The 2019 Vermont City Marathon was unlike any other half marathon I’ve run. This half marathon was the first time I had ever run a 13.1 mile race while pregnant. I completed the 2019 Vermont City Half Marathon almost 15 weeks pregnant!
In the lead up to, and completion of this race, there were 2 periods of time when I had to overcome challenges – first, 1 month before the race and then again on race day. This is how I overcame these challenges:
It wasn’t until the end of April that I felt physically ready to get back into running after a 4 week hiatus (thank you first trimester symptoms). I struggled with self doubt about my ability to properly train for a 13.1 mile race in one month. Luckily, my body was fairly accustomed to the activity. It was about consistency and putting in the effort to not only build back some strength but to also shift my mentality. Every run, whether a 3 mile run or a 10 mile run did just that; strengthened my body, relaxed my breathing and gave me the confidence that I could do it and I would do it. I overcame this challenge through consistency and pushing through my doubts.
The second challenge hit me hard on race day, just past the 10 mile marker. My legs that had felt strong and light for the past hour and 20 minutes suddenly felt like they weighed 1000 lbs., EACH. With that heaviness, the effort to keep moving at a running pace was brutal. Then came the mental monologue: “well, if you just stop and walk you’ll probably feel better.” Excuse. “You’re already slowing down, you might as well walk.” Excuse. “Do you really think you can run 3 more miles like this?!” Then came “Vivian”, the name I have given that evil voice that sometimes creeps into my head. The one that knows how to derail my successes better than anyone. I wavered between agreeing with her and believing in myself. I know with 100% certainty that if I allowed myself to slow down and walk, the end of the race would be even more of a grind. I knew if I gave in to Vivian and her script of negativity that my armor would weaken and it would be 100x more challenging to overcome her in the future. So how did I overcome this challenge? I kept running. I changed my mental monologue from one of judgement to one of compassion, empathy and encouragement. “Yes, people are passing you but you’re still running!” “I am light.” “I am able.” “I can do this.” “Push, push, push!” Shifting my mental monologue took effort, focus and self awareness. Then I was at mile 11… and then mile 12… and then mile 13 and I was still running!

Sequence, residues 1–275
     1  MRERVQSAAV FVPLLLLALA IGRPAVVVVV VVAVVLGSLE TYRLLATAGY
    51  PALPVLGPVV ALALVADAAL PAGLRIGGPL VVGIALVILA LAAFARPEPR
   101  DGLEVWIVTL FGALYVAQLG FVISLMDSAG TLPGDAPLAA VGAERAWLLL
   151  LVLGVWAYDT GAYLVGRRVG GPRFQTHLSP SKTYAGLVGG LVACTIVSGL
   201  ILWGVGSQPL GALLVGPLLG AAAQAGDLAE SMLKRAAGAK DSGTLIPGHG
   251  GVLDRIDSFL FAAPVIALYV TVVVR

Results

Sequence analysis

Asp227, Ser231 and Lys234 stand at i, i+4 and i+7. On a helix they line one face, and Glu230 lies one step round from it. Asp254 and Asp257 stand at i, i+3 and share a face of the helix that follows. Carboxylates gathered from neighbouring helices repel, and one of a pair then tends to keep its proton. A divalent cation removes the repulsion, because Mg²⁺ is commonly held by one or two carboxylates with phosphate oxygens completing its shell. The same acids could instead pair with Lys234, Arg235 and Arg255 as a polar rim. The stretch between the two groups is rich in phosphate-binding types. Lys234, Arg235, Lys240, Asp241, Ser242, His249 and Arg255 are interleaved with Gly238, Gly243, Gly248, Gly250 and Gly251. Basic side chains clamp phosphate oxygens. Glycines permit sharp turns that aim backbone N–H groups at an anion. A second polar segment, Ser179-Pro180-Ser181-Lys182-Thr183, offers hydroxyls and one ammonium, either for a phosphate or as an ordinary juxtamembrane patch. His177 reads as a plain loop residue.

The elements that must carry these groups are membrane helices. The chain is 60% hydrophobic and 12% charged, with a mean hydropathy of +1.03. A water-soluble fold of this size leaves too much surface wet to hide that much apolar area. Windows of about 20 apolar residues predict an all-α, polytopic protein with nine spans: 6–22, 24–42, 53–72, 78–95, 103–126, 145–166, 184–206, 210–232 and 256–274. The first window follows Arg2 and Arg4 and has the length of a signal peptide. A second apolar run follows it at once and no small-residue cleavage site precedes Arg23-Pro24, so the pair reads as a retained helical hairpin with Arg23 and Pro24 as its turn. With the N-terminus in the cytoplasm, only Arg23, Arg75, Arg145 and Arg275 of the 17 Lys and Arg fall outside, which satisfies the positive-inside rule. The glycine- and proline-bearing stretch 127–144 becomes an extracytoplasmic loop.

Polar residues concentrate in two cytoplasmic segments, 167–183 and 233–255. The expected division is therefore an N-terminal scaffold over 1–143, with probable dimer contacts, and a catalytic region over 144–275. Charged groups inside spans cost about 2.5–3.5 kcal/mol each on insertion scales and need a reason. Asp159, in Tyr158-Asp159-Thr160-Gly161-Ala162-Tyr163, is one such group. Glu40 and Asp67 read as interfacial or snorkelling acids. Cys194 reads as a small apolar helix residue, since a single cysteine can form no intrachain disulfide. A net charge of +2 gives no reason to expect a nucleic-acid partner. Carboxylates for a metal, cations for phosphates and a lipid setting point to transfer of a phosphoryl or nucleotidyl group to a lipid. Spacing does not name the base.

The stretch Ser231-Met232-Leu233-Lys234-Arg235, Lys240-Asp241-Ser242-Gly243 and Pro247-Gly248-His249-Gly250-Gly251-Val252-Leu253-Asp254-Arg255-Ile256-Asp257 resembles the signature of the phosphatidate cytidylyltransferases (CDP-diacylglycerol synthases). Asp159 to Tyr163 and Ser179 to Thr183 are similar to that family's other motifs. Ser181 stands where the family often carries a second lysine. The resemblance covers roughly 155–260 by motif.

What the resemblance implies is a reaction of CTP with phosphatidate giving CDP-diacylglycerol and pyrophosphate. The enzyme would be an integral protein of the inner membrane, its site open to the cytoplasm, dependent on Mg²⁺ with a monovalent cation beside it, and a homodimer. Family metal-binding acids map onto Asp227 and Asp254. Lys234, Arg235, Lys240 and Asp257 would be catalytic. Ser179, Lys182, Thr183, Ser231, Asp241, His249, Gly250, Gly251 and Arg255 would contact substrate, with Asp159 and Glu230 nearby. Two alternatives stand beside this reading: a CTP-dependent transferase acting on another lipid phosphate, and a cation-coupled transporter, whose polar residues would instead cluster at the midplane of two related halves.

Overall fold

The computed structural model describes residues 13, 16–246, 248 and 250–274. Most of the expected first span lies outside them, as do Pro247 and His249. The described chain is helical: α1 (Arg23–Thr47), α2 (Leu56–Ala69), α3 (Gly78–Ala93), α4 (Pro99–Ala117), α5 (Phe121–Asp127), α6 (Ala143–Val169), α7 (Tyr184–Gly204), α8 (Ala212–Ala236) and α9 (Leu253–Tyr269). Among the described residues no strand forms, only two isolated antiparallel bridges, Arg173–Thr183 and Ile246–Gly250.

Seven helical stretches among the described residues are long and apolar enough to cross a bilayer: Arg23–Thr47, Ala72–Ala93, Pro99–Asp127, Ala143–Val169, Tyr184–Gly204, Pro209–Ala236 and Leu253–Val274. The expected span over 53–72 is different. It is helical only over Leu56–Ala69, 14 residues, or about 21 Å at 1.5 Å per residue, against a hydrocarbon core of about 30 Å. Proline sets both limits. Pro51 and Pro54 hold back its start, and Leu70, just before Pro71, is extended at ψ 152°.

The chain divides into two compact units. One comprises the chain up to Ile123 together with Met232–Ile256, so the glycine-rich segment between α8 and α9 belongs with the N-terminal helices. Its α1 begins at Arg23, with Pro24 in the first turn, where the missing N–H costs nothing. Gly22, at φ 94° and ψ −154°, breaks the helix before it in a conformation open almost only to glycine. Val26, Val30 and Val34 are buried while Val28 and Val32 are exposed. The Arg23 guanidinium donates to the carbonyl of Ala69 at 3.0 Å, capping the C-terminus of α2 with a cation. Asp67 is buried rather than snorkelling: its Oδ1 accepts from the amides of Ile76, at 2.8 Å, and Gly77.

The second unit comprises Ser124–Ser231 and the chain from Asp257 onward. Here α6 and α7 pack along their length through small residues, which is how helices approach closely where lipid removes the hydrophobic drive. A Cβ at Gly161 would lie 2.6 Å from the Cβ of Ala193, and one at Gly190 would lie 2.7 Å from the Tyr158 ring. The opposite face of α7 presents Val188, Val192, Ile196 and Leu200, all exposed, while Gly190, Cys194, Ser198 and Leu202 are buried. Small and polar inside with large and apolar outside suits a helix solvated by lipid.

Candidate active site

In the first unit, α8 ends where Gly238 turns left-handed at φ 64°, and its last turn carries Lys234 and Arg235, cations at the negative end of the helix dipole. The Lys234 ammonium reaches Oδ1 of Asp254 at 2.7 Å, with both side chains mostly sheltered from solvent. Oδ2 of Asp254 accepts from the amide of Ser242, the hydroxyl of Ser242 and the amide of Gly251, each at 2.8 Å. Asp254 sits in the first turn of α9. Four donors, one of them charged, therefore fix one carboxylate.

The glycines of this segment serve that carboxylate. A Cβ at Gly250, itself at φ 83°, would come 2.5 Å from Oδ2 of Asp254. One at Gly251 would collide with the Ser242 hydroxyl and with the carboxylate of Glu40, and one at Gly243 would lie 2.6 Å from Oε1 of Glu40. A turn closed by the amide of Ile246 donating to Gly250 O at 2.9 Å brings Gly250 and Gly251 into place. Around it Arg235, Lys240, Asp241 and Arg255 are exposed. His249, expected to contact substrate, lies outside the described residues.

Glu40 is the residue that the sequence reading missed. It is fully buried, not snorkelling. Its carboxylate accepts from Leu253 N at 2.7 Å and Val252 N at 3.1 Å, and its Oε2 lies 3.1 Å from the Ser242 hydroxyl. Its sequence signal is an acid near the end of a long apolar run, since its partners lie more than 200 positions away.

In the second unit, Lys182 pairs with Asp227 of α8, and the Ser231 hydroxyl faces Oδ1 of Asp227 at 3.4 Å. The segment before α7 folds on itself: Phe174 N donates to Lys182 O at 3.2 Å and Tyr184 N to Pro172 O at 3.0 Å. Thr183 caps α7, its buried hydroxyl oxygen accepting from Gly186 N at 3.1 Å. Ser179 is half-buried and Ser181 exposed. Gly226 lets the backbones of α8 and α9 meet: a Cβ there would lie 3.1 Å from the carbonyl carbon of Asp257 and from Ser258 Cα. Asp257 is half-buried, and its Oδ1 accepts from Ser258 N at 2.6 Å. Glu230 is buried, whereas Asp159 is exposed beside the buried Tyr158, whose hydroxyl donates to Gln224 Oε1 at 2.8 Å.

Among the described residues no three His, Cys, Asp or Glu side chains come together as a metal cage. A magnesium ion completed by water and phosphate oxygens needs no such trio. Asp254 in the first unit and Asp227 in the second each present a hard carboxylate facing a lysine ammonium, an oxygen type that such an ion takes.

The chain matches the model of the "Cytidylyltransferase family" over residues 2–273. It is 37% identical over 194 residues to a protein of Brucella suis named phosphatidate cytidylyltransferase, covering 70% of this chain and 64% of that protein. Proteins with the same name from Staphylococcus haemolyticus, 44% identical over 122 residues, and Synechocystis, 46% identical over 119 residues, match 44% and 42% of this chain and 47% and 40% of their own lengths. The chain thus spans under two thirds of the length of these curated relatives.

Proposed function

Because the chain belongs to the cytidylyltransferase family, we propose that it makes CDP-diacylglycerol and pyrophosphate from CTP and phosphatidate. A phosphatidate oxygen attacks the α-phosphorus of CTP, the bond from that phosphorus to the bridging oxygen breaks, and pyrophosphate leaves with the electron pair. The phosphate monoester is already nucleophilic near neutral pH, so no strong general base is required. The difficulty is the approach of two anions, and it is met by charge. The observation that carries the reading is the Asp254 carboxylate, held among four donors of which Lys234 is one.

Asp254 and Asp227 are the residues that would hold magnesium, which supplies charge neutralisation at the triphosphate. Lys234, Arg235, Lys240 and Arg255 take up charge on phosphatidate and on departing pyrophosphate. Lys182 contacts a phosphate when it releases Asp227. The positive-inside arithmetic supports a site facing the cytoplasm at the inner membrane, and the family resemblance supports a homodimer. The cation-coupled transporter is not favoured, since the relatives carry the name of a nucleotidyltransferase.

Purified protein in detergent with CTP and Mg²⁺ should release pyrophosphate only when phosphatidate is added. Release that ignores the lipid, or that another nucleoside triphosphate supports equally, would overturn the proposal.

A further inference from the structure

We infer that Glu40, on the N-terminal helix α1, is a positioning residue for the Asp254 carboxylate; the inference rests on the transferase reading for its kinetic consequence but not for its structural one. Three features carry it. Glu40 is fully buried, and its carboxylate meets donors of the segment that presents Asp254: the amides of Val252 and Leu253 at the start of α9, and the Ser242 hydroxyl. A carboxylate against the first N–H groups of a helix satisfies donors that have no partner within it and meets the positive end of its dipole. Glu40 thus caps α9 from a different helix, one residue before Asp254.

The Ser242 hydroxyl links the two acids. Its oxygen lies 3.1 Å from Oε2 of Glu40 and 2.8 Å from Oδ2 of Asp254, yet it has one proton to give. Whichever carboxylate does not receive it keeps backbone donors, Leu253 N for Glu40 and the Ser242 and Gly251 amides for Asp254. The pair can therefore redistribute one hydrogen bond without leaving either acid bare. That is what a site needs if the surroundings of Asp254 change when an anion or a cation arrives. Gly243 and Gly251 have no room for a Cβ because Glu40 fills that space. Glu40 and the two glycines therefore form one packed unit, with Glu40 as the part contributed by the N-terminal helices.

This half marathon was unlike any other half marathon I’ve run. Not only because I was pregnant but because I have never felt so strong, fast and capable (both physically and mentally) before. With the exception of my cheering squad, it was me out there, just me getting through the ease and the challenges one step at a time and today I am so much stronger because of this race.
I finished this half marathon in about an hour and 52 minutes – about an 8:33 minute per mile pace.
We will have challenges from time to time and all we can control is our attitude and our effort toward them.
How are you overcoming your challenges? Are you?